Trump’s pointless fury – The Atlantic

The first press conference after the trial of the now-convicted former and potentially future president was bizarre, even by his standards. Word disarticulated tends to be overused in this context, but Donald Trump lacked focus when speaking after the conclusion of his trial in New York state court on 34 counts related to the payment of the porn star Stormy Daniels. The presumptive Republican nominee rambled on about this and that, including off-topic riffs on canceled “Little League games,” “propane stoves,” rainy weather and immigrants living in “luxury hotels “. It wasn’t really a press conference – he didn’t take any questions – but it wasn’t what some feared either: a call to action.

Trump has not given up calling for violence or using the threat of violence from his supporters as a campaign strategy. Certainly, right-wing social media has been filled with threats against jurors and calls for violence in light of the verdict. But this reality, and Trump’s failure to condemn them, is not new, as unforgivable as it may be.

What was new was that Trump did not comply. His speech was somber, but aimless.

Trump could have already started using his sentencing date, July 11, as a reason for his supporters and Republican elites to rally together, much like he did with January 6, 2021. Then, the last time he lost big, he was still president. and had all the tools of the presidency to try to prevent his loss of influence and prevent the transfer of power. But he doesn’t have that time. He’s not in the office; it’s not 2021. He can still try to orchestrate disruptions, protests, even violence, but unless he is re-elected, he cannot promise his supporters that they will be pardoned. And he actually risks a prison sentence. The calculations are different.

First, Trump knows the law well enough to know that his behavior between the verdict and sentencing will be a factor in the judge’s decision as to what punishment to impose. During the trial itself, Trump risked antagonizing Judge Juan Merchan by violating silence orders and calling him a “devil” and a “tyrant,” but Trump’s day in court is not over. Just days before the Republican National Convention opens next month, Merchan will reconvene his court to determine Trump’s sentence based on a number of factors, including, presumably, whether there is a crowd outside.

Second, a lot has happened since January 6, 2021, and Trump should rightly be concerned that he won’t be able to deliver the crowds. The MAGA movement is angry but not organized. “Mass mobilizations are difficult and require work. » Atlantic» wrote Ali Breland on Friday, including “some annoying little logistical things”. No such effort appears to be underway in favor of Trump. And, as I’ve written previously, Trump supporters may be angry, but they’re also scattered and in disarray, and many of them are in jail because of the post-January 6 lawsuits. Several leaders of the Oath Keepers and Proud Boys, groups that took on such a planning role before the Capitol riot, have been convicted and are serving time for seditious conspiracy. Today, Trump’s rallies are modest, even as he continues to lie about the numbers.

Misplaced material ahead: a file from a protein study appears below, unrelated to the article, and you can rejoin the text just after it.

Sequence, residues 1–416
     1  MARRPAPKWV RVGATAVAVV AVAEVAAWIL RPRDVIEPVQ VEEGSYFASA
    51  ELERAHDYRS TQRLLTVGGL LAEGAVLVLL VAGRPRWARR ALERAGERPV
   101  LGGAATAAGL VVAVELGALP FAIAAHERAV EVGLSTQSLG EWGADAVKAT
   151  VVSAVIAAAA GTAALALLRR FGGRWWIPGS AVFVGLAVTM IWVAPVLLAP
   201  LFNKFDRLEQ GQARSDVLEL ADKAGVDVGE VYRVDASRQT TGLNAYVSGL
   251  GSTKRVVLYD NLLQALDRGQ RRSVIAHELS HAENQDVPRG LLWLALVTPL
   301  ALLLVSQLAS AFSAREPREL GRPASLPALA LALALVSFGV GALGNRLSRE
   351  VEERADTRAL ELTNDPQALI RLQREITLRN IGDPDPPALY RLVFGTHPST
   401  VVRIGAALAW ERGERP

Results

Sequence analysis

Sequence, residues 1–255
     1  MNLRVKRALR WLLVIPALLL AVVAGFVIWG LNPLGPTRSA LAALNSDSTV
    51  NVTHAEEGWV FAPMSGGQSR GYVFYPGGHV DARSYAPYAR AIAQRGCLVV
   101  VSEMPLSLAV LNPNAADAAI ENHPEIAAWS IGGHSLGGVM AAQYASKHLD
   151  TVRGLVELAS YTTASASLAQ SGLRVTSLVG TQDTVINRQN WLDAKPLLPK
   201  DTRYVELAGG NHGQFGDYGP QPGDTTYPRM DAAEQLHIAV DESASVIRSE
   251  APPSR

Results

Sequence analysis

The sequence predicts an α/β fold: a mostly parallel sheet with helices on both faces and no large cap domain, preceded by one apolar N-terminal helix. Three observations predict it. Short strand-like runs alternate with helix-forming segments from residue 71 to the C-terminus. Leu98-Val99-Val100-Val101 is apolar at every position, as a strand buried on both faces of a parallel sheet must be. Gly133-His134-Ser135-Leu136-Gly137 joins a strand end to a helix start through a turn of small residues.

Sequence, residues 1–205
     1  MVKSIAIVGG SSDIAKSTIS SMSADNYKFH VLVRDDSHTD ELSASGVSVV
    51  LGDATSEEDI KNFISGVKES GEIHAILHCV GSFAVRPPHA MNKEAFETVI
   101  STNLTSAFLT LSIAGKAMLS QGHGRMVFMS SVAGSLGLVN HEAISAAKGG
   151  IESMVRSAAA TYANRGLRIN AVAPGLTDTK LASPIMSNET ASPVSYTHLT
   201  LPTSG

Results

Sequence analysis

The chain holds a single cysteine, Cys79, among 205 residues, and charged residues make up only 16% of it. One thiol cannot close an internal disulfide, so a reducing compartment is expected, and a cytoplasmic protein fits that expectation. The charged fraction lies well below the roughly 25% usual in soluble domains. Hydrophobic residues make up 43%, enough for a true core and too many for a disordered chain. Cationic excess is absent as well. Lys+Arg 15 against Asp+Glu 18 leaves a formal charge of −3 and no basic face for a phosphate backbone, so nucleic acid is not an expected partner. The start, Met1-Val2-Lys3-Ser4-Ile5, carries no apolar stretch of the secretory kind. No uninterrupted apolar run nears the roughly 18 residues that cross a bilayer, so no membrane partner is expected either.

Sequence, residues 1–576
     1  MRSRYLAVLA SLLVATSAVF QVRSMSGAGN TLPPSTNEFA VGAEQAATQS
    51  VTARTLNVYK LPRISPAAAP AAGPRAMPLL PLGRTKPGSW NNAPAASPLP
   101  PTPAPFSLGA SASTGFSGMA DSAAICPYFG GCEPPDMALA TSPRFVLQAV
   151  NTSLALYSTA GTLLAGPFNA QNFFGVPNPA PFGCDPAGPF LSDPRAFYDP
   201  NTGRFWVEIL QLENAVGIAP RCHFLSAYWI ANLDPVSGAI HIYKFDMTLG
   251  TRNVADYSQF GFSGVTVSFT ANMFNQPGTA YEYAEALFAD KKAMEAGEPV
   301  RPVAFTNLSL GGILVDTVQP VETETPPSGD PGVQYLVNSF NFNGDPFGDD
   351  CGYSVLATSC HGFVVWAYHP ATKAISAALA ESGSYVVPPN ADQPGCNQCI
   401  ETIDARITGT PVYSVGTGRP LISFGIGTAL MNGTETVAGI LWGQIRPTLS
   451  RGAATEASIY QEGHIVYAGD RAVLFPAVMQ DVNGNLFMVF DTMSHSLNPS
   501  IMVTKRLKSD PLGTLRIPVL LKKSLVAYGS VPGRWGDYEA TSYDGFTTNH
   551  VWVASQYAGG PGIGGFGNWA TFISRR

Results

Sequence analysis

What was notable about the atmosphere around the trial was the absence of highly organized support for Trump in the streets. Loyals among the Republican elite and potential vice-presidential candidates embarrassed themselves by dutifully roaming the courtroom, but overall the show of solidarity was mostly calm. Any speculation that Trump supporters are unlikely to show up in liberal New York is supported by the fact that Trump won nearly 40% of New Yorkers’ votes in 2020 – so supporters could have been there if they had wanted it. Trump seems to know that it is better to claim popular support – “I’m ahead of Biden by a lot,” he lied – rather than having to prove it.

Third, Trump has an election to win – and to win it, he will need more votes, in the right states. Independents may be uncomfortable voting for a convicted felon, or they may not really care – early evidence suggests there are more of the first type, but not exclusively. Meanwhile, Trump demands allegiance from his party like an autocrat, but that’s easy — the Republican Party has proven subservient — and much easier than finding a way to expand his base. Trump’s recent trip to seek support at the Libertarian National Convention was a disaster: He generated more hecklers than voters.

Trump lost the election in 2020. He lost in court last week. He’s on a long losing streak and he knows the only way to turn things around is to win the presidency. The likelihood that Trump won’t be able to help himself is still high, and he could easily call for violence on his social media platform and get a response from the hard-line fringe. But Trump may be calculating that a spectacle of unruly masses on July 11 — assuming he can get them — wouldn’t look so good for a presidential candidate with the whole world watching.

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